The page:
However, in a prelude to Christ the Lord: Out of Egypt she remarked, “I wrote many novels without my being aware that they reflected my quest for meaning in a world without God.” In her later life, Rice returned to Catholic doctrine, stating that she simply “let go of all the theological or social questions that had kept me from God for countless years”, though more recently she has claimed to not see herself as “Christian” as her personal relationship with Christ seemed at odds with the politics and hypocrisy of the Church.
Again, a sense of disillusionment with religion is a common concern of Gothic novels, with Dracula and Frankenstein being perhaps the most celebrated fictional expressions of 19th-century anxiety over the uneasy relationship between science and conventional religion. Naturally at the time, this fear was a genuine one amongst fin de siecle readers, and its extrapolation in a Gothic setting, where anything is possible, was deeply unsettling.
Through the figure of the vampire, Rice explores this feeling of spiritual alienation, as the damned character seeks meaning and atonement in a godless state. Poe, too, faced criticism over his unorthodox views of God after his treatise, Eureka, on the marriage of science and religion. This led to widespread shock that the writer, raised Episcopalian, was following a deist or pantheist religion at odds with Protestant teaching – a reaction that angered Poe, who considered himself a Christian despite believing the Episcopal Church to be going against his core spirituality.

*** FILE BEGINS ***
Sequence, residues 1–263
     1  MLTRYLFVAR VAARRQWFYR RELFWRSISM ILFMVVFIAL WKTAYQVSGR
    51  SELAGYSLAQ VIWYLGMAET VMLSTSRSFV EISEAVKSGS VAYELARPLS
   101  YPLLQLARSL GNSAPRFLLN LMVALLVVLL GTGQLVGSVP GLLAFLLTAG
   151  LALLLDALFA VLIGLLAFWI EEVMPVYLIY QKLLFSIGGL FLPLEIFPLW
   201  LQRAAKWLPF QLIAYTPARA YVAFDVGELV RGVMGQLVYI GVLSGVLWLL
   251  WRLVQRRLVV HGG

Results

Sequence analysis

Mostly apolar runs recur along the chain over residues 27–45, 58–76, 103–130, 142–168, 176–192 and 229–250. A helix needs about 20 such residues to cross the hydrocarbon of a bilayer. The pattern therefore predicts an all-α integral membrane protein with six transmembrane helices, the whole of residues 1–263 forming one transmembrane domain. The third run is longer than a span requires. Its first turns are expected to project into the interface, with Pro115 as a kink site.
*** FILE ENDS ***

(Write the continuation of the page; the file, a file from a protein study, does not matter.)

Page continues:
When pressed, he simply stated, “my own faith is indeed my own.” This joint reliance on and separation from Christian faith has filtered into modern Gothic culture, in which Catholic art and imagery are heavily borrowed from, yet juxtaposed with stark challenges of traditional authority.
In conclusion, we can see throughout the history of Gothic novels a certain spiritual displacement and self-exile – characters who have experienced some great sorrow, leading them to shun traditional society. Anne Rice’s Louis can certainly be seen as chief amongst these, the loss of his family spurring him on to embrace accursed immortality, and his afterlife-long search for inner peace is perhaps a reflection of the author’s own search and exploration over time.
Poe, too, poured catharsis into his works, searching for meaning in a world without the beloved wife who gave him meaning. While the works of both authors can be read as deeply personal reflections, their appeal is wider – through these moments of raw introspect, we see the deep draw of Gothic novels – a surreal window through which we can view wider human struggles with life, death, and whatever lies after.